Translation isn’t always thought of as a creative process. Some view translation as a simple act of moving already created sentences and phrases from one language to another. Translation is actually much more complex. As a translator, you act as a gateway between two languages, as if you are standing along a border, balancing two worlds. It requires an understanding of the complexities involved in not only the original and translated languages, but also an intimate understanding of the two cultures. Creativity is present, and even necessary, within the process of translation.
Creativity, when defined as “seeing the intersection of seemingly unrelated topics and combining them into something new” (Brian Clark), nearly perfectly defines the life of a translator. Another definition that perhaps fits even snugger proposes that creativity is “starting with nothing and ending up with something. Interpreting something you saw or experienced and processing it so it comes out different than how it went in” (Henry Rollins). Both of these definitions fully capture the role and scope of translation.
Creativity is sparked in many different areas of the brain. It requires heavy use of the prefrontal cortex, an area responsible for higher level thinking, logic, and cognitive flexibility. However, depending on the type of tasking and creativity you are engaging in will indicate which area will be used. For translators, Broca’s and Wernicke’s areas are more likely to be used in the creative process. Armed with knowledge on the neurobiology of creativity has given researchers and other professionals tools to cultivate it.
How to cultivate creativity?
1. Increasing Curiosity
Curiosity often leads to creativity. Like a developing child that has an innate drive to curiously explore his or her world and creatively provide input back to his or her environment, so too do adults have these needs. By borrowing the wonder of a child, we can use your five senses to explore the world in curiosity, feel the need to creatively input into our world, and thus grow our creativity.
2. Setting a creative mood
You can alter your environment to boost creativity. What we take in through our senses can be soothing, energizing, and can change our moods. It is worth experimenting with different sights, smells, textures, audio or music, and tastes to see what engages your brain into action. Remember, though, what works for one individual may not work for someone else, and this will require you to experiment with different environments, sensory tools, etc, in order to figure out what works for you.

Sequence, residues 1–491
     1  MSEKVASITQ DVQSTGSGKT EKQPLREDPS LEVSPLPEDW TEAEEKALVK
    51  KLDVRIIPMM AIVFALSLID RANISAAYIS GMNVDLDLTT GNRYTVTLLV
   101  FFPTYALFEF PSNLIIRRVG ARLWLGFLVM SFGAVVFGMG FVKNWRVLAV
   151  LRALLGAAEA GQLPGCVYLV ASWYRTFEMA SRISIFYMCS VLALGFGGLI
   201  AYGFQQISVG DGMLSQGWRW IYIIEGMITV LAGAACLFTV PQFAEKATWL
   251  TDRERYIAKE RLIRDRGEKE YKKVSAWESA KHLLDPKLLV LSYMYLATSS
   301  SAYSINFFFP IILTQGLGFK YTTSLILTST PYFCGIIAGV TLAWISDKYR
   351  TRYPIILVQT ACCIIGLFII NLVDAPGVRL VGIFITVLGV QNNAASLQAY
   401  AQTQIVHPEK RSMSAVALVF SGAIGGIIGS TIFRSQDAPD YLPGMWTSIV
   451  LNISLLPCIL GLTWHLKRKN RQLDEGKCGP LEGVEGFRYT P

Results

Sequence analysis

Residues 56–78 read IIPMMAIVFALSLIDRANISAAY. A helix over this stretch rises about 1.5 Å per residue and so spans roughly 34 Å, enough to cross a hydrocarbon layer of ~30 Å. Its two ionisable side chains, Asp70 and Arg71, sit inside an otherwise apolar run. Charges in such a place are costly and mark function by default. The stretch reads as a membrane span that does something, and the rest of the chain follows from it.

3. Titrating Creativity
Going back and forth from the opposite forces of creativity and disengagement can lead to a boost in creative moments and decrease moments of stagnation. Further, a longer and more serious disengagement like sleep has been shown to boost our ability to find insight – that is, the sudden gain of knowledge or spark of idea, which are the offspring of creativity.
4. Collaboration and Gathering Feedback
Creativity can be sparked when we bounce ideas off one another, because sometimes we are too close to an issue or problem to be able to step back and find a new creative path. Asking for help and advice from friends, peers, and people from your personal network that you trust and respect can provide valuable input to start the creative process. Every person has a unique skill set, experience, and knowledge. A fresh outside perspective can spark some new, creative thinking, particularly when ideas are stuck.
5. Do Something Different, Do Something Fun, or Do Nothing at All
Finally, when we are stuck and creativity is no longer flowing, it can help to change things up, step out of your professional role, or simply do nothing, Sometimes unplugging your mind rather than actively engaging it can give your mind the break and the rest that it needs. Sometimes the best ideas are born from spontaneous insights rather than active thinking processes.
Creativity lives within interpretation. The transformative aspect of translation requires it. When creativity stagnates, there are research-supported ways to boost it. Not just for painters and authors of children’s books, creativity is found in all of us, and often in heavy doses in translators.